Having seen in part 1 of this series that modesty is essentially the antidote to grabbing glory and attention for ourselves, let’s turn our attention to see how the Scriptures ought to shape our awareness and convictions.
The purpose of clothing
As I said in part 1, the main occurrence of the word translated as ‘modest’ is found in 1 Timothy 2:9-10. Here are two translations:
I also want the women to dress modestly, with decency and propriety, adorning themselves, not with elaborate hairstyles or gold or pearls or expensive clothes, but with good deeds, appropriate for women who profess to worship God. (NIV)
…likewise also that women should adorn themselves in respectable apparel, with modesty and self-control, not with braided hair and gold or pearls or costly attire, but with what is proper for women who profess godliness—with good works. (ESV)
But before we get there, we need to ask, “What’s the purpose of clothing?”
In the garden, under the Creator’s good hand and rule, the man and the woman were naked before each other, utterly comfortable and utterly unashamed:
Therefore a man shall leave his father and his mother and hold fast to his wife, and they shall become one flesh. And the man and his wife were both naked and were not ashamed. (Gen 2:24-25)
But then Adam and Eve declared independence from God—doing what God had specifically prohibited—because they wanted to know more, and be more, than God had created them for. Eve takes the fruit, eats, and gives some to Adam, who also eats. The very first effect of this treacherous act of rebellion is found in Genesis 3:7-10:
Then the eyes of both were opened, and they knew that they were naked. And they sewed fig leaves together and made themselves loincloths.
And they heard the sound of the LORD God walking in the garden in the cool of the day, and the man and his wife hid themselves from the presence of the LORD God among the trees of the garden. But the LORD God called to the man and said to him, “Where are you?” And he said, “I heard the sound of you in the garden, and I was afraid, because I was naked, and I hid myself.”
A series of questions about these passages in Genesis 2 and 3 present themselves:
- Why is the word ‘naked’ mentioned in 2:25?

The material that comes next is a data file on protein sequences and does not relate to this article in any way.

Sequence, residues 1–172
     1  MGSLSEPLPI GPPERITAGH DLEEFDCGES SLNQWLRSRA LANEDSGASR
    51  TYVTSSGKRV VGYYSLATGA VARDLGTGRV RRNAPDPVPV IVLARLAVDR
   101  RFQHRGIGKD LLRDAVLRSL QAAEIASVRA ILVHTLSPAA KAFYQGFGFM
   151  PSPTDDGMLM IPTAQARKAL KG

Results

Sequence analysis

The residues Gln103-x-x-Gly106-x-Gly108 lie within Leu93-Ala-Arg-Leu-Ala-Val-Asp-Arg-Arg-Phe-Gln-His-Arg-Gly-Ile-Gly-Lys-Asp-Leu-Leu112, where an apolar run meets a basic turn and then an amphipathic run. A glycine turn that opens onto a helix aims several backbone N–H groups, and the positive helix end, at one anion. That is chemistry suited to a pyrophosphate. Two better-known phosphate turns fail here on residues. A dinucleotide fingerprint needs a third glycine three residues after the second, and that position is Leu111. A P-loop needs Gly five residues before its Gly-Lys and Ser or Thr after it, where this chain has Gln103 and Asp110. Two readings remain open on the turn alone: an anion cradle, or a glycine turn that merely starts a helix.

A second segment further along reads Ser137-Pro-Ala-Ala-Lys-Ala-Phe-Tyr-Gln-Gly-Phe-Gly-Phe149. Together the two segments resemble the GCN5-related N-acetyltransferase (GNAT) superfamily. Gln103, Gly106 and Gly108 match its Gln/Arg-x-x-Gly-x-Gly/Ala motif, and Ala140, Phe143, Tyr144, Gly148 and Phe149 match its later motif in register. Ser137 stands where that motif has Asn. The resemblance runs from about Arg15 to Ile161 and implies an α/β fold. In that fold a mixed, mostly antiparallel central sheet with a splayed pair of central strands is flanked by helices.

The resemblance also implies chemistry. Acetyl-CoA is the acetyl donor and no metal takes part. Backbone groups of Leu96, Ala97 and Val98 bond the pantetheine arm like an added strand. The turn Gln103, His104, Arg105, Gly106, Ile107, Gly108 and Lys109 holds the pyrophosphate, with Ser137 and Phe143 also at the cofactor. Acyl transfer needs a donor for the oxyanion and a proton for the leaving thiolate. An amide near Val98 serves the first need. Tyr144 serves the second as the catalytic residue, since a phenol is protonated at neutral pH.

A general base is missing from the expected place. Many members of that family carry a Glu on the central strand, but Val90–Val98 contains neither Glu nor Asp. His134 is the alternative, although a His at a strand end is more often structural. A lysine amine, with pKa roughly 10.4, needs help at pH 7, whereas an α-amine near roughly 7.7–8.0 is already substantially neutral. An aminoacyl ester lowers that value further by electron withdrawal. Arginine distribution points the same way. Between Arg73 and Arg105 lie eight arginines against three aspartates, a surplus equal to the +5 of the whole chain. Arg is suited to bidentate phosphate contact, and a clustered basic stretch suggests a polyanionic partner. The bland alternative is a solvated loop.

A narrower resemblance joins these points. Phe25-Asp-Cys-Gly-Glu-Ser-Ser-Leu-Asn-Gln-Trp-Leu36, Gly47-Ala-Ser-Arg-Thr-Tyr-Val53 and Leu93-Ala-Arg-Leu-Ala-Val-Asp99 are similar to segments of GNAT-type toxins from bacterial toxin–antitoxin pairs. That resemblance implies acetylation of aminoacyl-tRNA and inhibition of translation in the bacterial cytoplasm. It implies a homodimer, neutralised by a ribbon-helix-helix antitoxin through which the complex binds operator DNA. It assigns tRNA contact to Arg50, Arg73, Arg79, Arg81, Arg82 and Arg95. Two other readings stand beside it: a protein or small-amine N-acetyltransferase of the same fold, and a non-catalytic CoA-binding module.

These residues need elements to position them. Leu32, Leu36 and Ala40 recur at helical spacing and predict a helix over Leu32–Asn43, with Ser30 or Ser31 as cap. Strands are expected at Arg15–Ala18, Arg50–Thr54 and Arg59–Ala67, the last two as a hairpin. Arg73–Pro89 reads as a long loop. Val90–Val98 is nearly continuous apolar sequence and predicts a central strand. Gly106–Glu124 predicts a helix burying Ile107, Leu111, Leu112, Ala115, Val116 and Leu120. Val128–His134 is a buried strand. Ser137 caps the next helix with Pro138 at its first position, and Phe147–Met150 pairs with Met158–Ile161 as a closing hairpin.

- And why is the word ‘ashamed’ also mentioned in 2:25?
- Is it setting us up for what is about to happen?
- Why didn’t Adam and Eve require clothing in Genesis 2?
- Why were Adam and Eve then clothed in Genesis 3:7?
- And why did God replace their wardrobe with a new one in Genesis 3:21?
There is now a radical difference in the way this first man and woman see each other: they know they are naked and they are ashamed.
By rejecting the divine reference point that the Edenic fellowship provided with God at the centre, Adam and Eve must now claim the new central reference point—themselves. They are each now ‘Number One’ in their own eyes. Following the rebellion, their first emotions are fear and shame. Could this be because the one viewing Eve’s nakedness (Adam) is no longer trustworthy—so Eve is afraid she will be ashamed? She is self-conscious about her body so she feels shame. She knows that the one who sees her nakedness is selfish (just like she now is) and not committed to her in that covenant love of 2:24. She knows that she is vulnerable and can’t trust him because he is not safe. And it’s the same for Adam.
What is their answer to this problem? To stitch together flimsy fig leaves onto a belt to cover their nakedness and hide their shame from each other. They make ‘aprons’ and cover their loins; anatomically they cover that which differentiates them.
Adam and Eve also feel that shame before God. In verses 8-10 they are afraid because they now stand exposed before God. They are now defiled, guilty, unworthy and ashamed. They need to hide from him. They have covered themselves with fig leaves, but they are still naked before God. They know what they have now become, and there is a mighty chasm between that and what they were meant to be, what they were made to be. And their pathetic little belts with fig leaves attached cannot cover their inadequacy before God; cannot cover the ugliness and shame of their sin.
So God steps in and does what Adam and Eve cannot do. He makes them presentable before him!
And the LORD God made for Adam and for his wife garments of skins and clothed them. (Gen 3:21)
An animal is sacrificed and blood is shed so that God can provide adequate clothing for Adam and Eve. God confirms that covering up was an appropriate response to the disgrace of their sin. And the clothes do not conceal their shame before him—they acknowledge and confess it. From this point on, humans will wear clothes “not to conceal that you are not what you should be, but to confess that you are not what you should be.”